News Archive:

2014 (23)

2013 (49)

2012 (220)

2011 (209)

2010 (529)

2009 (446)

2007 (2)

Duluth drops traffic charges against bike riders carting food to

The Duluth News Tribune: Duluth drops traffic charges against bike riders carting food to Damiano Center

Christmas came early for three bike riders who were given tickets by Duluth police while delivering food to a soup kitchen.

By: Brandon Stahl, Duluth News Tribune

Christmas came early for three bike riders who were given tickets by Duluth police while delivering food to a soup kitchen.

Charges of impeding traffic against Sadie Sigford, Alex Strachota and Greg Schultz were dropped Tuesday on a recommendation by the Duluth city attorney.

The three were cited once in July and again in August during their weekly rides on Fourth Street picking up about 100 pounds of food that otherwise would be thrown away from Whole Foods Co-op and dropping it off at the Damiano Center. The three said they had done the ride once a week for about two years, regardless of weather conditions, before being ticketed.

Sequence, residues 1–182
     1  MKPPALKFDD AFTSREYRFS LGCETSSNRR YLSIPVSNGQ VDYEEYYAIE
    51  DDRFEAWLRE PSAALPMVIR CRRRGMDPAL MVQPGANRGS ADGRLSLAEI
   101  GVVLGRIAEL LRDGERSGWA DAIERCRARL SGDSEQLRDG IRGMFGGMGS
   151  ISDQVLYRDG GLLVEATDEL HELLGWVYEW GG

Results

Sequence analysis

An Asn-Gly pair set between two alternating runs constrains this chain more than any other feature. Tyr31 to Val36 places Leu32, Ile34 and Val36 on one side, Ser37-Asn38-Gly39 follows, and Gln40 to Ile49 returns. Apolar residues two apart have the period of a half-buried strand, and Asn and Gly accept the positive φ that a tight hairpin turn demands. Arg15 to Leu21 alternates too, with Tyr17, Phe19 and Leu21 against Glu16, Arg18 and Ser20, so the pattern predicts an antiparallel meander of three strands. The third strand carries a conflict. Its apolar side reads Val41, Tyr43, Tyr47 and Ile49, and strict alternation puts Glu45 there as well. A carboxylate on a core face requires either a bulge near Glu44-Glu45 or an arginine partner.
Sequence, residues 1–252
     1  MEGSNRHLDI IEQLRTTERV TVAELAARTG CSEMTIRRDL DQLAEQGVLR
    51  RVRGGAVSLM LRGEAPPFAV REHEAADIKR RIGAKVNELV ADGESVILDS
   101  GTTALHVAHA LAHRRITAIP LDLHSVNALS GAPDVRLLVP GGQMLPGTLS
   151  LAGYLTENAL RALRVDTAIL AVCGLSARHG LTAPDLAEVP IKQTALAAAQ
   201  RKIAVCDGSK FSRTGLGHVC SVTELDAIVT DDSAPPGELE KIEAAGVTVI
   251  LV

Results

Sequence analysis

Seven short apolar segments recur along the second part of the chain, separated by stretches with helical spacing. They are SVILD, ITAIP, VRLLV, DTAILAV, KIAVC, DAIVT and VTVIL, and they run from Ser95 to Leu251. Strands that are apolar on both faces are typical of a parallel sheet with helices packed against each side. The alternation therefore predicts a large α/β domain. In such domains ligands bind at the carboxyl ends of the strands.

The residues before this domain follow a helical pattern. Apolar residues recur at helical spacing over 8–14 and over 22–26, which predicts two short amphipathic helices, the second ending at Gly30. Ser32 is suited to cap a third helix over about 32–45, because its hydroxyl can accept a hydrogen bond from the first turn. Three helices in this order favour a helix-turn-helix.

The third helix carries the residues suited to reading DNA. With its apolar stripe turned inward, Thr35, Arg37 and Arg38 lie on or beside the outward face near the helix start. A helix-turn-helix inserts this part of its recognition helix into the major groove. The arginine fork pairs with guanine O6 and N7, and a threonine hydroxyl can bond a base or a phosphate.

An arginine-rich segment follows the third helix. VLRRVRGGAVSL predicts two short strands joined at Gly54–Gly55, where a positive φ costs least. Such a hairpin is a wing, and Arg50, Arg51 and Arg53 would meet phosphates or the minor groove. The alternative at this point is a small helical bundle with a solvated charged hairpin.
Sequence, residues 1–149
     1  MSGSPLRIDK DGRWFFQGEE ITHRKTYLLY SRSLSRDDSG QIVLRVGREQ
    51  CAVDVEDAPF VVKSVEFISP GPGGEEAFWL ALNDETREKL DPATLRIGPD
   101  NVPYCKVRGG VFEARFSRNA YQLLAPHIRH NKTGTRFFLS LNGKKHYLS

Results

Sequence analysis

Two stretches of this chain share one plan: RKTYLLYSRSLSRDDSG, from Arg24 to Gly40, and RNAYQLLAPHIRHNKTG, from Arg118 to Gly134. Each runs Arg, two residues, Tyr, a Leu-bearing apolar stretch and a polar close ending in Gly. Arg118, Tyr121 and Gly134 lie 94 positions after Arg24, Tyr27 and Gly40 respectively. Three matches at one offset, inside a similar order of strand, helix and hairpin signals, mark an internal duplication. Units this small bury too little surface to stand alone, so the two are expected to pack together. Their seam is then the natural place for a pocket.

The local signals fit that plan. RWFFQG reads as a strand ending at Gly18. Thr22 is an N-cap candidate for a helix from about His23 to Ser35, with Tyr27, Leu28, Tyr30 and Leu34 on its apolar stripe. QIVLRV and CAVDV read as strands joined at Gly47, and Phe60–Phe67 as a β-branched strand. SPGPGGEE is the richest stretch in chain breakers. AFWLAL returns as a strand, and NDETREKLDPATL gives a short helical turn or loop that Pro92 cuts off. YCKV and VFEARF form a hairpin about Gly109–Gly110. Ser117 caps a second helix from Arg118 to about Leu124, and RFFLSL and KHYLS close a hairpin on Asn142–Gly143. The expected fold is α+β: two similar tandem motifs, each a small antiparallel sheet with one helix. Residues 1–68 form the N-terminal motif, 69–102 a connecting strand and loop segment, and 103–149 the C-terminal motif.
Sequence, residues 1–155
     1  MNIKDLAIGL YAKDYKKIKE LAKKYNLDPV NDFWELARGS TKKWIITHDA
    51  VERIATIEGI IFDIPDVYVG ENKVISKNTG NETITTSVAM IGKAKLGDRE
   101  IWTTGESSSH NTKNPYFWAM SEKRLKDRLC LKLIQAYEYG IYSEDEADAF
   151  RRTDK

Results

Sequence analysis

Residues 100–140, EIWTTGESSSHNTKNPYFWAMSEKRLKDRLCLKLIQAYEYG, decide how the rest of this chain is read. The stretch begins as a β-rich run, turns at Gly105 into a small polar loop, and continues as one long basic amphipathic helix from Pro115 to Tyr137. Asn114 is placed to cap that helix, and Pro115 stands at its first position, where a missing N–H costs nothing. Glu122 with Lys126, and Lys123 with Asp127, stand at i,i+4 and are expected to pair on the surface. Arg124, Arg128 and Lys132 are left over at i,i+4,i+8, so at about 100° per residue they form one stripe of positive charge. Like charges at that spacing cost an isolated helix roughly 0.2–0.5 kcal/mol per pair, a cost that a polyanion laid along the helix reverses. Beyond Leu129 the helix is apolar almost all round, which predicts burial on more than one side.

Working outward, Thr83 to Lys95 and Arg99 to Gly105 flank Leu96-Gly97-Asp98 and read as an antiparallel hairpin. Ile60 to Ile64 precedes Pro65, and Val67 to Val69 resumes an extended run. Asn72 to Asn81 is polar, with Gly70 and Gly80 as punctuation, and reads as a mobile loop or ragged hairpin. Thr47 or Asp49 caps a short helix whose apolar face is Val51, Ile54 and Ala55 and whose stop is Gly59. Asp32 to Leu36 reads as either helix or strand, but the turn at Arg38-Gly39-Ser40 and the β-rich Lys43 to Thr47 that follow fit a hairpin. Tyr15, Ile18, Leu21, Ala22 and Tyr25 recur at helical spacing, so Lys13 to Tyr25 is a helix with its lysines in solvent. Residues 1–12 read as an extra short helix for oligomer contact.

The three already had been to court twice to plead not guilty before the charges were dropped.

“It’s a bummer to be doing something legal and be told otherwise,” said Schultz, who along with Sigford and Strachota arrived at the courthouse on Tuesday by bike.

The three said they felt vindicated after the charges were dropped.

“[The city attorney] said we were not in the wrong. Those were his words,” Sigford said.

“He said he would e-mail the [Duluth bike officer] and correct him on it,” Schultz added.

Well, not exactly. City of Duluth attorney Cary Schmies said he asked that the charges be dropped because he didn’t think the case warranted going to trial. But he also said police were not wrong to issue the tickets, saying the three cyclists need to move over when they’re blocking traffic.

“It’s a courtesy,” he said. “You’re sharing the road with cars.”

Schmies also said police were wrong to tell the three that they needed to weave in and out of parked cars to let traffic go by.

“It’s dangerous for bicyclists to zig in and out of traffic,” Schmies said.

Instead, he said that if the riders see traffic backing up behind them, they should find an open spot and let the cars go by.

“It’s about cooperation,” he said. “They have a right to be there, and so do the cars.”

The three will have ample opportunity to cooperate with drivers in the future, as they said they’ll continue their weekly bike rides to the Damiano Center.

As for how they’d celebrate the charges being dropped, Schultz said: “Probably a cold bike ride home.”